blood sugar levels within the normal range with minimal effort,
resulting in better quality of life and lower risks of complications (www.artificialpancreasproject.com).
"The Government of Canada is proud to support this innovative diabetes
research, which will lead to treatments that will benefit patients not
only in Canada, but around the world," said the Honourable Gary
Goodyear, Minister of State for the Federal Economic Development Agency
for Southern Ontario (FedDev Ontario). "Clinical trials, like Dr.
Lawson's at CHEO, are creating new jobs and keeping Southern Ontario at
the forefront of world-class research and commercialization
The study is being led by CHEO with participation from four other
Ontario pediatric diabetes centres: Markham Stouffville Hospital, the
Children's Hospital at London Health Sciences Centre, The Hospital for
Sick Children (SickKids) and McMaster Children's Hospital.
JDRF is the worldwide leader for research to cure T1D. It sets the
global agenda for diabetes research, and is the largest charitable
funder and advocate of diabetes science worldwide.
The mission of JDRF is to find a cure for diabetes and its complications
through the support of research. T1D is an autoimmune disease that
strikes children and adults suddenly, and can be fatal. Until a cure is
found, people with T1D have to test their blood sugar and give
themselves insulin injections multiple times or use a pump - each day,
every day of their lives. And even with that intensive care, insulin is
not a cure for diabetes, nor does it prevent its potential
complications, which may include kidney failure, blindness, heart
disease, stroke, and amputation.
Since its founding in 1970 by parents of children with T1D, JDRF has
awarded more than $1.5 billion to diabetes research, including $107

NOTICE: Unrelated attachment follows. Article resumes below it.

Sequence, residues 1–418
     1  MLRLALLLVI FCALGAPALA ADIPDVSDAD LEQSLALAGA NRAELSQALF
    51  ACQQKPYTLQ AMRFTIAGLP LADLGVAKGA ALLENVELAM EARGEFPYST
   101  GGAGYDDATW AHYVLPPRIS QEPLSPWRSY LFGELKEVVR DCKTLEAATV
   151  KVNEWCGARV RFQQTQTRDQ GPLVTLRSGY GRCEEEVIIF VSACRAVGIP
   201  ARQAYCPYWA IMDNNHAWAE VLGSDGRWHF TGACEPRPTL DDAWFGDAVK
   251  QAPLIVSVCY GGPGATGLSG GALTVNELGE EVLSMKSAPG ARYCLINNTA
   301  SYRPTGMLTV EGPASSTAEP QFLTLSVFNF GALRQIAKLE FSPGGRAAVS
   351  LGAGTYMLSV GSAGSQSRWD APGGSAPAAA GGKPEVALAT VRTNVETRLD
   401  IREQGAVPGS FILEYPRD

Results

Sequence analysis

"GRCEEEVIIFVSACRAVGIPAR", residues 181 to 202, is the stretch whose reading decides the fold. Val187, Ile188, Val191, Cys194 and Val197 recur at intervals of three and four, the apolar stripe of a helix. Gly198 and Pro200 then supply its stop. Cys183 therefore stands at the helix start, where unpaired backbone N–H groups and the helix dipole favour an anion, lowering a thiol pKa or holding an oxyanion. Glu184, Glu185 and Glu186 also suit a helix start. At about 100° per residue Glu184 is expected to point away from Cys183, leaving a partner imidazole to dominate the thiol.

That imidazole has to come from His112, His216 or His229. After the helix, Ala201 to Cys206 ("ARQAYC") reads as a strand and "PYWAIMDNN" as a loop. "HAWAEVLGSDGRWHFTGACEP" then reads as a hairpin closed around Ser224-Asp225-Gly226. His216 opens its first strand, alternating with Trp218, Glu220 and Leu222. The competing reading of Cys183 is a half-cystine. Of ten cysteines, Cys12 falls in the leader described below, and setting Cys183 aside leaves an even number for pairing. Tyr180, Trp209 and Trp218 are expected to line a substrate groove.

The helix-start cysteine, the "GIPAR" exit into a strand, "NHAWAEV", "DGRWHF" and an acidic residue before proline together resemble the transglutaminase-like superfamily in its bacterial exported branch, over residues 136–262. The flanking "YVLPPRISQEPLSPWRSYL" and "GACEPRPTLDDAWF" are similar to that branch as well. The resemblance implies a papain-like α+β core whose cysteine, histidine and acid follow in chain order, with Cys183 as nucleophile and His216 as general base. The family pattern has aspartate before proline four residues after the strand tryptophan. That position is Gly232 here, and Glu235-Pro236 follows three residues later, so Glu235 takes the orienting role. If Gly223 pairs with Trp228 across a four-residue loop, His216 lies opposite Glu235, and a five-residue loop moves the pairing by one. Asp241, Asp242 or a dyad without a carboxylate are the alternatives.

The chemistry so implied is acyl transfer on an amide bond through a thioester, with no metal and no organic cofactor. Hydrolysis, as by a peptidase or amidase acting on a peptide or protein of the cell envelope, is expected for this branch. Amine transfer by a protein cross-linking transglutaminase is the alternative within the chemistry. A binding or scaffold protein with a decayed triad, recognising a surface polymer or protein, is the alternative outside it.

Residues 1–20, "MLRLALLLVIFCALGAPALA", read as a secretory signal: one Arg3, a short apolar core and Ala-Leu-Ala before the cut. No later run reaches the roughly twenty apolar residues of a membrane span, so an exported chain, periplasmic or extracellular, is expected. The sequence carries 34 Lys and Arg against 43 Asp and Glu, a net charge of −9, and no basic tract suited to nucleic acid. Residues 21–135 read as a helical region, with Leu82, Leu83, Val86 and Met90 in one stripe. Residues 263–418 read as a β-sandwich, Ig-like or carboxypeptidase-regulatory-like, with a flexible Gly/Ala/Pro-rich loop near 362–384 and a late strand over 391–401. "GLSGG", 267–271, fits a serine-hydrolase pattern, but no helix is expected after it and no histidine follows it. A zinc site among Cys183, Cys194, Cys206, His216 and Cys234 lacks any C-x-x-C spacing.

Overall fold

million last year. More than 80 per cent of JDRF's expenditures
directly support research and research-related education. For more
information, please visit www.jdrf.ca.
About JDRF CCTN
Created in partnership with the Government of Canada, funding for JDRF
CCTN came from a commitment of $20 million by FedDev Ontario, with an
additional $13.9 million contribution from JDRF. The $33.9 million
investment will help accelerate the testing of new technologies and
treatments for Canadians and individuals around the world living with
T1D and its complications.
JDRF CCTN is a groundbreaking effort to accelerate solutions for the
management, care and cure of T1D. JDRF CCTN is currently developing
several high-profile clinical trials, in association with leading
diabetes researchers at partner universities and medical centers in
Southern Ontario. The goal is to position Southern Ontario as an
international hub for diabetes translational research, innovation, and
commercialization of new therapeutics and enabling technologies. For
more information, please visit www.jdrf.ca/cctn.
SOURCE Juvenile Diabetes Research Foundation